God's love for sinners gives the church a whole world in which to serve. All who enter and leave the worship assembly are sinners, now also saints in the mercy of God. We have unity with all people, especially those in trouble, in sorrow, in addictions, in painful family systems. That's a lot of people.  Justification is the great under-developed Lutheran conviction for church growth.  God's love for sinners is embodied in communities of compassion. Whatever else the Lutheran tradition advocates, may its faith be anchored in the conviction that "while we were yet sinners, Christ died for us."  We never get beyond that!


Some of our friends have wondered if all of our talk about "mission" at Luther Seminary means we are abandoning our Lutheran identity. We think not! But this work must be disciplined by our confession, and our public worship too!  We live in the era of the decline of Christendom, i.e.: the legal and cultural privilege of the church in Europe and North America is past. We also live in the time of the rise of world Christianity, i.e.: the new majority of Christians in the world comes from the southern hemisphere.  The old worship wars are bankrupt and self-defeating. Contemporary and traditional worship traditions alike must be judged by their capacity to bear Christ. Lutheran worship is not merely the perpetuation of European practices. The Lutheran churches of Africa and Asia point us again to our apostolic confession. Lutheran preaching and worship communicate the missionary convictions of the gospel, God loves sinners and God loves the world.


Some people have thought I intended to take a jab at the "Word Alone" movement by my title, "The Words are Not Alone, Biblical Preaching and Worship at Luther Seminary." No, I share their deep commitment to the rallying cries of the Reformation: Faith Alone, Grace Alone, Scripture Alone,Word Alone. But even in the polemical debates where these watch words scored their points, then and now, "Word Alone" always meant "Word and Sacrament," spoken and physical word. Thus the Lutheran Reformation never reduced the gospel to mere words. The theology of the cross testifies to the palpable incarnation. As W.H. Auden once said, "Only the unscarred and overfed enjoy Calvary as a verbal event." This is also the basis for Lutheran love of art, architecture and music-- Gregorian chants, Bach's chorales, the motets of Sch৘tz, the college choirs and the folk hymns of John Ylvisaker.We love it all, accompanied by organs, orchestras, folk instruments and percussion. Have you noticed the spectacular modification which Anton Armstrong has brought to the Christiansen tradition at St. Olaf? The missionary hymns have come back from Africa and the Caribbean with rhythm. As our Professor of Church Music Paul Westermeyer declares, "The job of the church musician is to help the people of God sing." Our musical heritage is not stingy or pinched, but we want the music to be alive, the choruses harmonic and God's praise to be melodic.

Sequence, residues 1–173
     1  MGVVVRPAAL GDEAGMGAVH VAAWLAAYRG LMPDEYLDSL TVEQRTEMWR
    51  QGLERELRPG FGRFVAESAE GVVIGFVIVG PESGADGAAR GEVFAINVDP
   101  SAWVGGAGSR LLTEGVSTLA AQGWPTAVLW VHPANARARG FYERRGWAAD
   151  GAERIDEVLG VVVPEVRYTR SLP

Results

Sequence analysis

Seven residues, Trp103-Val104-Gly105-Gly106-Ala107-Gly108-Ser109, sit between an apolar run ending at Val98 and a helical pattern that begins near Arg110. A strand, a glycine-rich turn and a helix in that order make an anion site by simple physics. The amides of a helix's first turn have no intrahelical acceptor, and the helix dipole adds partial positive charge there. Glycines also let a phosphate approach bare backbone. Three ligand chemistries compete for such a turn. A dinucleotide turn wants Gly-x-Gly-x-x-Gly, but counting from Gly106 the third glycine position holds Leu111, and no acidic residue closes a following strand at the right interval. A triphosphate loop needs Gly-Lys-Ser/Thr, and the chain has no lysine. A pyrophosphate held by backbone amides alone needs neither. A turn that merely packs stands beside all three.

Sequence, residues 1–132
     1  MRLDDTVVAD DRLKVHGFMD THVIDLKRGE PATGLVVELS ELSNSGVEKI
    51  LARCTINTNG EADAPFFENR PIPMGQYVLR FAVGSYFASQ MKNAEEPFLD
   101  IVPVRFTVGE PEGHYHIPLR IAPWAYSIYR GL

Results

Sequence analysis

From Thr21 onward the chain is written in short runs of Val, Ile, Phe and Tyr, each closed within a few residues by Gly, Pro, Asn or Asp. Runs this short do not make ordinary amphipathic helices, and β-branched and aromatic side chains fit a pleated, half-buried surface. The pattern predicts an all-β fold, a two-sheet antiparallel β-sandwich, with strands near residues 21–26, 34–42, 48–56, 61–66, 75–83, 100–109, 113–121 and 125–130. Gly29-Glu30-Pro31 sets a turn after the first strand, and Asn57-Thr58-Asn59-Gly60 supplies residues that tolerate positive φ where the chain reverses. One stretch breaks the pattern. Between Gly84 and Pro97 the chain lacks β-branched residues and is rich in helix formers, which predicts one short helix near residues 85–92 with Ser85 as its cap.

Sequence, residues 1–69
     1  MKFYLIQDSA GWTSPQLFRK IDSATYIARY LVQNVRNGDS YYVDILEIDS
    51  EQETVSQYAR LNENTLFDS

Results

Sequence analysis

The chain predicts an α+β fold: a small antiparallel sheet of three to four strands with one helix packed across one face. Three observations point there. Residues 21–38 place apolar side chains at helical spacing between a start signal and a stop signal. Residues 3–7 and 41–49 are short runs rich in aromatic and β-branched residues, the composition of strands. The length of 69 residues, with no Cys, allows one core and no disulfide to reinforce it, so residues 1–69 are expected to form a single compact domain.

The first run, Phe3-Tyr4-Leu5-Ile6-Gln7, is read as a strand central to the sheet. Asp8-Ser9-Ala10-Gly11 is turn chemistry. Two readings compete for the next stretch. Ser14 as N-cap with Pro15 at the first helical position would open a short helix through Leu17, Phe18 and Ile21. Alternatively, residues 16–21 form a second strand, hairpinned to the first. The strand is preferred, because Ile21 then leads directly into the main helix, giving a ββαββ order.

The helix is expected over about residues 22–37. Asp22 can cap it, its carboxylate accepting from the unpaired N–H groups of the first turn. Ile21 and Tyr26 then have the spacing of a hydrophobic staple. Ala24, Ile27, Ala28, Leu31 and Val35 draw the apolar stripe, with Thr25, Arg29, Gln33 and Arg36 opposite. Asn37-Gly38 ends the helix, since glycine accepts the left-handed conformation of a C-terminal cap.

The words are not alone because this is a love story. God loves sinners, and the Messiah touches the outcasts. The compassion of God is not an abstraction, but an embodied practice.
The children sit in the pastor's lap and the hospice nurse teaches the Stephen Ministers to hold the hands f the dying and sing to them. The liquid words of the water pour over the uncomprehending infant, and the Alzheimer patient still extends his tongue to receive the Lord's Supper.  And the faithful bear these words, spoken and visible, to the world in need. As Martin Luther confessed, "God's Word is never without God's people."

Because God loves sinners and because God loves the world, the words are not alone. We are hopeful for biblical preaching and worship at Luther Seminary. The conflicts can be fierce here, too, but this seminary is a window into a vital tradition, and we are equipping leaders for an era of apostolic mission because God's love for sinners and the world is a mission worthy of praise.